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Magnotta Winery vs. Luka Rocco Magnotta: Manhunt creates branding fiasco

Noel Hulsman

By almost every conceivable standard, Magnotta Winery has made the right moves. Even when hit with a curve ball at launch —being told by the LCBO it wouldn't stock its wines — the Niagara-based business nimbly adjusted, selling its wines directly to the public.

Year after year it grew, developing an international market as well as expanding into Chile. It's now the third largest winery by sales in Ontario, the LCBO is entirely onboard and according to the company's site, it's won over 3,500 awards for its wines, including nearly 50 national and international honours last year alone.

In Ontario, the name Magnotta meant Magnotta wines.

Then body parts started showing up in the mail. A foot was sent to the Conservative Party headquarters in Ottawa, followed by the interception of a package containing a human hand -- believed to be on its way to Liberal Party headquarters. The same day, a torso was discovered, and then an animal mutilation and murder video emerged. The rest we all know.

Police around the world are searching for Luka Rocco Magnotta, alleged murder, bisexual porn actor and reported friend of Karla Holmoka -- an otherwise slow news week was swept away by the public's fascination with Magnotta.

His name is now, and will be until he's caught, a permanent fixture in headlines, on Facebook and Twitter. Of the top 10 most viewed stories on Yahoo! Canada yesterday, the top eight concerned Magnotta. Buried in almost each was surely the most exasperating piece of information for the Magnotta vinters: Luka was never a Magnotta. He changed his name from Eric Clinton Kirkman in 2006.

So what do you do if you're the Magnotta Winery and you've just watched your family name and company brand become universally and absolutely indelibly associated with a gruesome murderer?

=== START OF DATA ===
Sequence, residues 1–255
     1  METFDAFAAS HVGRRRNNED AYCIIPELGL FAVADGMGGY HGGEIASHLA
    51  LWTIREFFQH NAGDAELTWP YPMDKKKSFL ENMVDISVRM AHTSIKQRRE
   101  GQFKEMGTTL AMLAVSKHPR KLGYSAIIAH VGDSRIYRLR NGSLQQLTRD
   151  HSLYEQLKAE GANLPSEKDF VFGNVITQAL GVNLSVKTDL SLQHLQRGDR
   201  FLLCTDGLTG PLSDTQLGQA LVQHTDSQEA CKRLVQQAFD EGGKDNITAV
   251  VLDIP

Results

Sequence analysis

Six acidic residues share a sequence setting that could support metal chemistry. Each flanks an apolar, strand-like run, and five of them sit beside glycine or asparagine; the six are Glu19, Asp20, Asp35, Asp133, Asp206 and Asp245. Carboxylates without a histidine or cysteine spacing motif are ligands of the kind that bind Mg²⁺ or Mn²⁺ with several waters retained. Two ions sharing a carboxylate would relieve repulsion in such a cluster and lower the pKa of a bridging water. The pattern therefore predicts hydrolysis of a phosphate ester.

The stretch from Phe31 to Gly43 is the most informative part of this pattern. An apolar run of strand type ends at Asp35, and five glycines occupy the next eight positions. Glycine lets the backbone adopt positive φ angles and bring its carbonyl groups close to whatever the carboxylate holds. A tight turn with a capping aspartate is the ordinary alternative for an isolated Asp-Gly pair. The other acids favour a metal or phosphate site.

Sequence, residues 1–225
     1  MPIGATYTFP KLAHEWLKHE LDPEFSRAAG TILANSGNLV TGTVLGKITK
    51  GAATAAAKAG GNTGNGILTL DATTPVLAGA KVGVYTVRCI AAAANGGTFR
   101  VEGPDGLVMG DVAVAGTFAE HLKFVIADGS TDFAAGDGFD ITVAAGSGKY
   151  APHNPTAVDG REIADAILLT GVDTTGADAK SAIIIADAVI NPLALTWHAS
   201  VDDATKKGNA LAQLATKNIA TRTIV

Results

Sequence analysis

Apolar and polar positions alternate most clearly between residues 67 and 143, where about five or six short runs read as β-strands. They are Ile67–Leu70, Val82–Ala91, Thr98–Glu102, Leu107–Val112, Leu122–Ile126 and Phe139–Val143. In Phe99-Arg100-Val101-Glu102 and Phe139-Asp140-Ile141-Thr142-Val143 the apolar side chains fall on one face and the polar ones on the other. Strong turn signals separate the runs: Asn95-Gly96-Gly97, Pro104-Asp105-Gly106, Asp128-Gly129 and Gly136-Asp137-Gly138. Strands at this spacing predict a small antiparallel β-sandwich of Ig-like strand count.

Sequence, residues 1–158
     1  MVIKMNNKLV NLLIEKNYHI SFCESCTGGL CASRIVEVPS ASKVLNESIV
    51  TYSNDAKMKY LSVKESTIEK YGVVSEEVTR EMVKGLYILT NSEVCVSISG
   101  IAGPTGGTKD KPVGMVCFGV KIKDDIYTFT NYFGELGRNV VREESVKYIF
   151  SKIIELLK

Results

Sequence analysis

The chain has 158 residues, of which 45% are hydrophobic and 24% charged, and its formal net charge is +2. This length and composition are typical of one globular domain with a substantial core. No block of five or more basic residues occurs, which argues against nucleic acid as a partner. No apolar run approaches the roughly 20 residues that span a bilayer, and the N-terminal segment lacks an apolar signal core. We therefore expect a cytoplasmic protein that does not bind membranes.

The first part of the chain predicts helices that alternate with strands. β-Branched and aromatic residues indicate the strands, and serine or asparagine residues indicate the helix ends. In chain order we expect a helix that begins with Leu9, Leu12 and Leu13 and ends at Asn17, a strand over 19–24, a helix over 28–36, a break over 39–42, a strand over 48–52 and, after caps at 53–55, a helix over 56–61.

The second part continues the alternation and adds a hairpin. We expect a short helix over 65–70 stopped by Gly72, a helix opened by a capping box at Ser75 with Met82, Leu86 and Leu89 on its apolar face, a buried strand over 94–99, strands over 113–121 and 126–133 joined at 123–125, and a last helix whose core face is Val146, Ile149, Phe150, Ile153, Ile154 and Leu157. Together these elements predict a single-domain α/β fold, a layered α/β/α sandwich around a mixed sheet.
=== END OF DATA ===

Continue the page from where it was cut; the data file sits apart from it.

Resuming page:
We asked top public relations experts in Toronto and Vancouver what advice they would give to the winery. Here's what they said:

"Magnotta's biggest problem here is that the impact on the winery's brand could potentially live on for years. Every time a potential customer searches "Magnotta" online, they are going to find stories about this horrific crime at the top, and results for the winery lower down. Stories about the killing are already appearing ahead of the winery's own website in Google search results. And that will continue to be the case for years, long after people have forgotten the man's name, unless the company makes a concerted effort to develop sufficiently relevant good rich content that serves to take back the search term "Magnotta" from the case. Investing in paid search — buying ads that pop up online when you search for "Magnotta" will also help reclaim its name. It will be a slow process, given the sheer volume of stories about the case, but it can be done." — Katie Clark, VP Corporate and Public Affairs, Edelman

"Magnotta is a great family name, an entrepreneurial company, part of the community. If pressed they could say; In light of recent terrible events in the news, our heart grieves for the families impacted but we are not related. Magnotta Winery has its charity golf classic coming up.. a good company doing good things for the community. Join us and make the world a little better." — Mat Wilcox, CEO, The Wilcox Group

"Companies need to be prepared to respond to issues and tough questions. The golden rule is to be honest and transparent. This is an especially difficult situation as an allegedly violent individual shares the name of a family-run company. My recommendation is to be prepared with a tight, short statement makes clear that Magnotta family is not related to the person being sought for this tragic crime while recognizing the gravity and sadness of this situation. -- Alison George, vice president, Argyle Communications

"I would advise Magnotta Winery to immediately use all its communication channels — everything from email to social media, newswires — to issue a statement to its employees, business partners, followers and consumers, making it very clear that Luka Magnotta is in no way related to the family that operates Magnotta Winery. There's really not much else you can do in such an unfortunate circumstance. The main thing is to quickly end public speculation about a connection between the brand and this individual." — Kadi Kaljuste, senior vice president, Hill & Knowlton Strategies